There’s No Greater Gift
than the Gift of Life.
The ability to transplant organs and tissues is one
of the greatest success...
What Can Be Donated?
Organs that can be donated and transplanted
include: kidneys, heart, lungs, liver, pancreas,
and inte...
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  1. 1. There’s No Greater Gift than the Gift of Life. The ability to transplant organs and tissues is one of the greatest success stories in modern medicine. Thanks to organ donation, many people with life- threatening illnesses can look forward to a future and a second chance at life. Many others can experience a better quality of life through donated tissues such as corneas, skin, bone, and heart valves. The Need for Registered Donors Is Greater than Ever. More than 116,000 men, women, and children are on the organ transplant waiting list in the United States.* Sadly, for many of them, an organ will not become available in time. On average, 18 people die every day waiting for a generous donor—and the gift of life. The Gap Continues to Widen. Every day, more people are added to the U.S. transplant waiting list, while the number of donors grows slowly. In 2011, the number of people waiting for a transplant was nearly four times greater than the number who received one. U.S. Department of Health and Human Services Health Resources and Services Administration October 2012 1-866-99-DONATE (36628) U.S. Department of Health & Human Services Health Resources and Services Administration 5600 Fishers Lane, Rockville, MD 20857 What you need to know about organ, eye, and tissue donation and why you’re needed. The GifT of Life Photo credit:“Cool Spring Grass” © iStockPhoto/ekspansio Learn more about organ, eye, and tissue donation by visiting The Need is Real. • One organ donor can save up to eight lives. • One eye and tissue donor can enhance the lives of as many as 50 people. • Think of the good we could do if everyone signed up. Are You Registered? Sign Up in Your State Today. Simply visit and click on “Become a Donor” for information on how you can register in your state. It’s that easy. After you’ve registered, remember to tell your family members so they can support your wishes. A Second Chance at Life, Because Someone Said “Yes.” Bobby Height, Sr., has always been an active guy. He played basketball and baseball in school, and was drafted by the New York Yankees. When his career ended with a knee injury, Bobby taught physical education, coached, and played softball—becoming a member of the Amateur Softball Association of America’s National Softball Hall of Fame. In 2003, Bobby was diagnosed with an “unhealthy heart.” Four years later, he learned that he needed a transplant. After a nerve-wracking wait, Bobby finally received “the call”—a heart was available. Now he’s living a healthy life as a husband, father, and grandfather and campaigns for organ donation. Bobby Height, Sr. Heart Recipient, NC 0 20,000 40,000 60,000 80,000 100,000 120,000 1989 1991 1993 1995 1997 1999 2001 2003 2005 2007 2009 NumberofPeople YearEnd 2011 Transplants Donors**Waiting List * Data from and OPTN/SRTR Annual Report. As of October, 2012. Current data are available at **Data include deceased and living donors. A donor may be able to donate more than one organ. “Someone said ‘yes’ to donating life so that I might have a second chance,” says Bobby. “You, too, have the power to DONATE LIFE … PASS IT ON!” 17,917 13,140 5,927 113,754 28,535 14,147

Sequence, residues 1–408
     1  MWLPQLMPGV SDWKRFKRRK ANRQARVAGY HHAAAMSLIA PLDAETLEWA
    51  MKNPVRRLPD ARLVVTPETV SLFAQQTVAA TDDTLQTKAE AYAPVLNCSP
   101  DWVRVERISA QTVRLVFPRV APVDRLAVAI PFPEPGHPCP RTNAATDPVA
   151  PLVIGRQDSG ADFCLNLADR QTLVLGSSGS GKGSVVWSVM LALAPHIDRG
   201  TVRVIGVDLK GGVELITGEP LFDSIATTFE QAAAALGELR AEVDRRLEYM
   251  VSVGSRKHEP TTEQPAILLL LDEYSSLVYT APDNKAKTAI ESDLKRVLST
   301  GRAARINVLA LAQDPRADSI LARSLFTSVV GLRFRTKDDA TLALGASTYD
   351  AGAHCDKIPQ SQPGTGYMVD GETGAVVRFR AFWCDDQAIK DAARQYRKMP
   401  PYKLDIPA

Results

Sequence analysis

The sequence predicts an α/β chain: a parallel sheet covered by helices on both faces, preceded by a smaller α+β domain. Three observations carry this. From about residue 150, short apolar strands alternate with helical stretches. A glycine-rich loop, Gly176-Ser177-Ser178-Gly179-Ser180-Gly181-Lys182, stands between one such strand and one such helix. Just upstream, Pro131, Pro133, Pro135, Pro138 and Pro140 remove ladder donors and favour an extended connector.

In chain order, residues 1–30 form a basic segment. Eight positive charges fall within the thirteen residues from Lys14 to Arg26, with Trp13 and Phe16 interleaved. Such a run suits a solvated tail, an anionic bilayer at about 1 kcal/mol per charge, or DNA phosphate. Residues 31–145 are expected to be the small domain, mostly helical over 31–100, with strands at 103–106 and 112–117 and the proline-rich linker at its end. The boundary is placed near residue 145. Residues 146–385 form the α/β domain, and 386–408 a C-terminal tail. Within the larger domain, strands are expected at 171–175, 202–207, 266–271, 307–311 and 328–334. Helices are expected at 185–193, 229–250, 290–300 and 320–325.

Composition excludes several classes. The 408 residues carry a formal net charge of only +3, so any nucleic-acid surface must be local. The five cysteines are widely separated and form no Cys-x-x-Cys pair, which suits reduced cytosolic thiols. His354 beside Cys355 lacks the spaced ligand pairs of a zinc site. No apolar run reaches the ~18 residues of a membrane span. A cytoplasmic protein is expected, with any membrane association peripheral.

2. 2. What Can Be Donated? Organs that can be donated and transplanted include: kidneys, heart, lungs, liver, pancreas, and intestines. Tissues—including corneas, skin, heart valves, bone, veins, cartilage, tendons, and ligaments— can be donated and used to restore sight, cover burns, repair hearts, replace veins, and mend damaged connective tissue and cartilage. Corneas Middle Ear Lungs Heart Blood Vessels Liver Pancreas Kidneys Bones Intestines Skin Through organ donation, one person can save up to eight lives. Those who donate tissue can enhance the lives of many more. While more than 100 million people have registered as donors, more are needed because very few die in circumstances that make them eligible to donate. Imagine how many lives could be saved and improved if all Americans made the decision to donate the gift of life. 10Frequently Asked Questions About Organ, Eye, and Tissue Donation. 1.Who can donate? People of any age can be donors. Anyone over the age of 18 can register to be a donor. In some states, people under 18 can register and their registration becomes legal when they turn 18. If they die before that, parents have to give consent. Even with a medical condition, donation may be possible. At the time of death, donation professionals determine whether the deceased’s organs can be used for transplantation. 2. How are organs distributed? The Organ Procurement and Transplantation Network (OPTN) maintains the national waiting list and matches organs with patients when a donor becomes available. This computerized system considers such issues as blood type, severity of illness, time spent waiting, body size, and geographic location when matching donors and recipients.*** 3. Do the rich and famous get priority for organs? No. A patient’s financial or celebrity status does not affect the match; celebrities and the wealthy do not get priority treatment. Thousands of people get transplants each year, but the media more often publicize information about celebrities who receive transplants. 4. Can people of different ethnicities match? Yes. Organs are not matched according to race or ethnicity, and people of different races frequently match one another. However, a compatible blood type between the donor and recipient is essential for a successful transplant. Because certain blood and tissue types are more common among some ethnicities, all individuals have a better chance of receiving a transplant if there are large numbers of donors from all backgrounds. 5.Will doctors still try to save my life if they know I’m a donor? Absolutely yes. If you are sick or injured and admitted to a hospital, the number one priority is to save your life, whether or not you are a registered donor. 6. How do I indicate my decision to donate? Sign up on your state’s donor registry either at the motor vehicle office or online at Tell your family of your wishes and save them from making the decision at a difficult time. 7. Do any religions object to donation? Most major religions in the United States support organ donation and consider it the final act of love and generosity toward others.**** 8.Is there a cost to my family for organ donation? No. There is no cost to donors or their families for organ or tissue donation. 9.What about open-casket funerals? An open-casket funeral is possible for organ, eye, and tissue donors. Throughout the entire donation process, the body is treated with care, respect, and dignity. 10. Is it legal to pay someone for an organ? No. Federal law prohibits buying and selling organs in the United States. Violators are punishable by prison sentences and fines. Matthew Mingin Organ Donor, TX Shutong Hao Heart Recipient, CA A New Heart Helps a Young Girl Continue Living and Loving. At the age of five, Shutong Hao (“Tong Tong”) had already undergone one open-heart surgery. Then doctors told her parents that the critically ill girl would need a transplant. Tong Tong received the heart of donor Matthew Mingin, a four-year-old described by his mother as “a polite and generous boy with a heart of gold.” With her new heart, Tong Tong was transformed into an energetic, happy child. Matthew’s gift helped save other lives as well. “One woman made the decision to become a donor when she heard our story,” says Shutong’s mother. “We are so grateful.” ***The Organ Procurement and Transplantation Network (OPTN) maintains the only national waiting list for patients waiting for organ transplants in the U.S. This is operated under contract to the U.S. Department of Health and Human Services by the United Network for Organ Sharing (UNOS). For more information about the OPTN, visit ****A list of religious views on donation is available at